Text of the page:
hegbloom at pdx.edu
Sat Mar 19 04:08:12 UTC 2005
On Fri, 2005-03-18 at 21:57 +0100, Simon Santoro wrote:
> If you are a relatively clueless newbie that executes scripts written by
> other people you are screwed anyway. That script could rm -rf your ~,
> send your firefox profile folder via email to someone else, or do a lot
> worse than forkbomb your pc.
:-) Yes, I agree.
What if a bug in a program caused an inadvertent fork bomb? Could
The default limit should be fairly high --- higher than the number of
processes anyone is likely to ever need, but limited, so that the kernel
knows to prevent this fork-bomb effect from bringing the system to a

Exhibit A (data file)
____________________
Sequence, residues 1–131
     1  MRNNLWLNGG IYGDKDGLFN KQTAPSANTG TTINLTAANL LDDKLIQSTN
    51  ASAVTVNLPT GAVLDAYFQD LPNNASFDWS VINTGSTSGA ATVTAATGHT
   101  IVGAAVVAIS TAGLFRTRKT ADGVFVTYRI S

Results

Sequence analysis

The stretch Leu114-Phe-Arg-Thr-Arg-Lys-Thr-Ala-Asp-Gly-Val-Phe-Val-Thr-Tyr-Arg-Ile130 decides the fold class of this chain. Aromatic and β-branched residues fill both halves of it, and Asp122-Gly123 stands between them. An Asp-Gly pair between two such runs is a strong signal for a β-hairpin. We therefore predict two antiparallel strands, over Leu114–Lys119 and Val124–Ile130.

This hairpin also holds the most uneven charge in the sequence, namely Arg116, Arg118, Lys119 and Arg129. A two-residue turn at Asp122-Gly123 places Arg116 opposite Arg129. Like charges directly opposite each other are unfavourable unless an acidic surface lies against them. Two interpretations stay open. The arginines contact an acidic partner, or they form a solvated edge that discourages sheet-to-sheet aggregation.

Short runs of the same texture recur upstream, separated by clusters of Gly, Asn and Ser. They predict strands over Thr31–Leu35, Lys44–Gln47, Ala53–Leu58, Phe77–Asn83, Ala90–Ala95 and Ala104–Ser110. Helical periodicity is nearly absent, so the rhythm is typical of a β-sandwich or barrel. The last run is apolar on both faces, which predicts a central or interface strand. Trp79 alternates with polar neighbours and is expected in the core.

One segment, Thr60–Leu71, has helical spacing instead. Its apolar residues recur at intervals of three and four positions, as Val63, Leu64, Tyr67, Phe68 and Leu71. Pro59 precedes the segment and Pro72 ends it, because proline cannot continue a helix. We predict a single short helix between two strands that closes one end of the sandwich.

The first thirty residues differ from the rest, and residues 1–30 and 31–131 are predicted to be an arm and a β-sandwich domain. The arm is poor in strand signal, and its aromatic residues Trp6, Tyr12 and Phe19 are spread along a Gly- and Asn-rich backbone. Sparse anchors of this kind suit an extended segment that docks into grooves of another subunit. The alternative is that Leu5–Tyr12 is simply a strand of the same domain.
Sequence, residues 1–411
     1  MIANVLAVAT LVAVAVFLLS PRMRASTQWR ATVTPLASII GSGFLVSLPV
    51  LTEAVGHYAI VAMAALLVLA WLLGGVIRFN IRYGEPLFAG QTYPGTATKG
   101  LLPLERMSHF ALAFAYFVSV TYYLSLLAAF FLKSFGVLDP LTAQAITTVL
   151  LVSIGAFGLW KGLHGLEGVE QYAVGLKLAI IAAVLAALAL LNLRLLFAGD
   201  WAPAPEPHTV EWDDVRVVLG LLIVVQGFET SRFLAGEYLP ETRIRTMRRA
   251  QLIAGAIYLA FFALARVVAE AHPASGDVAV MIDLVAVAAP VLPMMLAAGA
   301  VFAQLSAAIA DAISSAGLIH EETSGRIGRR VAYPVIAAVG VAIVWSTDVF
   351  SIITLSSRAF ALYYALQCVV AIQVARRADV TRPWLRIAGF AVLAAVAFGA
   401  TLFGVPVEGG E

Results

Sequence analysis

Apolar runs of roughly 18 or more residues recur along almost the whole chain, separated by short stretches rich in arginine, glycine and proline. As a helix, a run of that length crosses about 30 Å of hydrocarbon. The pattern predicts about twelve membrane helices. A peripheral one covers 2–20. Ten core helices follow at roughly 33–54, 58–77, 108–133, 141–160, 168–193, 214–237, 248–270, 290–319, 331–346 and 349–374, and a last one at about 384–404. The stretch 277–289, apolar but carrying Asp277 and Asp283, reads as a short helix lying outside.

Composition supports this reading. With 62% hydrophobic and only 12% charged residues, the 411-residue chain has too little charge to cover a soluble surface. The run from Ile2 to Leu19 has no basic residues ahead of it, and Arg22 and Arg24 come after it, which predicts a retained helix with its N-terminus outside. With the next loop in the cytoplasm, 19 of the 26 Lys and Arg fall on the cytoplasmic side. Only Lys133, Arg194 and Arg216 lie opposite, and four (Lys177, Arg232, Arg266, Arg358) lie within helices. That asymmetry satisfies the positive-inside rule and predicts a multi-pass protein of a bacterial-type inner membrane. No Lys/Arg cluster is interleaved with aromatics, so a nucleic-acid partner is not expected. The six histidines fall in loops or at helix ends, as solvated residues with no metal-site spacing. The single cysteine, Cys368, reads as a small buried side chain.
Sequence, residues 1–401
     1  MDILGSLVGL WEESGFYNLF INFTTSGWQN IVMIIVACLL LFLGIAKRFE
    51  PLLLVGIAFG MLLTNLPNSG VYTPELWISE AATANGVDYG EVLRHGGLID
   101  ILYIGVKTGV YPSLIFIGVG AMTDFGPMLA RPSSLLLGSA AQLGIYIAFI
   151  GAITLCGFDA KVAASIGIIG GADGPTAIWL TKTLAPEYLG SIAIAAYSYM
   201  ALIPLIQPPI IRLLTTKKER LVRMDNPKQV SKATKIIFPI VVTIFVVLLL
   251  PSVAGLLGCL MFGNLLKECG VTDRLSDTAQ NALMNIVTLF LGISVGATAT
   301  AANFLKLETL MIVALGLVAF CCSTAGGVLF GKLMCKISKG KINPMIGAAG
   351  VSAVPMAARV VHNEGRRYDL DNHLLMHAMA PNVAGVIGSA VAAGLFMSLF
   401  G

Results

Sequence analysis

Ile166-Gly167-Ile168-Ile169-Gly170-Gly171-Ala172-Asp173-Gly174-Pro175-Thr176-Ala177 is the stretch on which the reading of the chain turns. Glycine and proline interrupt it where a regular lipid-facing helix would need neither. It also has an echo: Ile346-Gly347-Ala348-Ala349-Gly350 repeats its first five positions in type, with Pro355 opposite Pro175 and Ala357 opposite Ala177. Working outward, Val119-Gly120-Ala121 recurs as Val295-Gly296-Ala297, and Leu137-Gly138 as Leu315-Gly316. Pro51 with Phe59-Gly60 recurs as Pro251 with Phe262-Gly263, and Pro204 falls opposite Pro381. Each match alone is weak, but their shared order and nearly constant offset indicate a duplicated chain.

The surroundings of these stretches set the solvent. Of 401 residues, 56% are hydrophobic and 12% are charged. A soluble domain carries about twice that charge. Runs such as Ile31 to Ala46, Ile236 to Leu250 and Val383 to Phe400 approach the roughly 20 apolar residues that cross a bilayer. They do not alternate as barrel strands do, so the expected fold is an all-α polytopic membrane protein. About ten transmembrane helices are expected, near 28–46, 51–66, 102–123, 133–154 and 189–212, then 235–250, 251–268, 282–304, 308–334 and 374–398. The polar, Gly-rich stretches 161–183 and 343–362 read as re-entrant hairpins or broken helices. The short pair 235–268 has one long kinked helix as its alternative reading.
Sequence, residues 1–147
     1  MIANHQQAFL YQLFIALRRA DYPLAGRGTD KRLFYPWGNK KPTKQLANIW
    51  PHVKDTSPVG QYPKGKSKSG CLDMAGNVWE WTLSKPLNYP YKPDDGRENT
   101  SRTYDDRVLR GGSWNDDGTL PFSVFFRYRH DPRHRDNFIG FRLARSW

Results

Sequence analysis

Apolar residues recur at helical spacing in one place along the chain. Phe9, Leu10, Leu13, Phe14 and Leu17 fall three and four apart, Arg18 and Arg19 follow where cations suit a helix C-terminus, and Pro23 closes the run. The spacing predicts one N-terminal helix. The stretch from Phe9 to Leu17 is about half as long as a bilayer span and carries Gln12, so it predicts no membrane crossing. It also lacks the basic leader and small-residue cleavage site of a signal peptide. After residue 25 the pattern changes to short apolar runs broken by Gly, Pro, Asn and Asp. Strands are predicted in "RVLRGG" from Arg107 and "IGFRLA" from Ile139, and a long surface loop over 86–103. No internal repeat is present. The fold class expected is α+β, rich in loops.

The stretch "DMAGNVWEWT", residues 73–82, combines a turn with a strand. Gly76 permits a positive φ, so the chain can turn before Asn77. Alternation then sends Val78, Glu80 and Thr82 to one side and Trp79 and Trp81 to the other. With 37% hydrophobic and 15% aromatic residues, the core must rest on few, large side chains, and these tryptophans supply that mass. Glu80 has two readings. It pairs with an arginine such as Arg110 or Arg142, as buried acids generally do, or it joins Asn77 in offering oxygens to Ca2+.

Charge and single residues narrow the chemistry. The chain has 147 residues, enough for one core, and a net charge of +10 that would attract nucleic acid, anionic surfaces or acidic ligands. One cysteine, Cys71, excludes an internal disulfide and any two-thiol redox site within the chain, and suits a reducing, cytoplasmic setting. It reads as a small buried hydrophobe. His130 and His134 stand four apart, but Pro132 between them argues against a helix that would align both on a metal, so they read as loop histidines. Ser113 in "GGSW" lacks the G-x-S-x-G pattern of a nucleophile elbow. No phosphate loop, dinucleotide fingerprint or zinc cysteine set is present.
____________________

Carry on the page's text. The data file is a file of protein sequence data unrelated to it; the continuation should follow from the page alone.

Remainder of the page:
help ulimit | less
The thing is that Linux does not know how many processes you'll need,
and the assumption is probably that if you have it set to 'unlimited',
you "know what you're doing". The system integration team has the
responsibility of setting a reasonable default via the limits.conf file.
Right now, there's not a default --- it's 'unlimited'. It should be
something like 4098 or something. Can you imagine running that many
processes at once for anything? It's more than you need, but provides
an upper bound to stop a fork-bomb, whether it's caused by a bug in a
script or program or a trojan horse.
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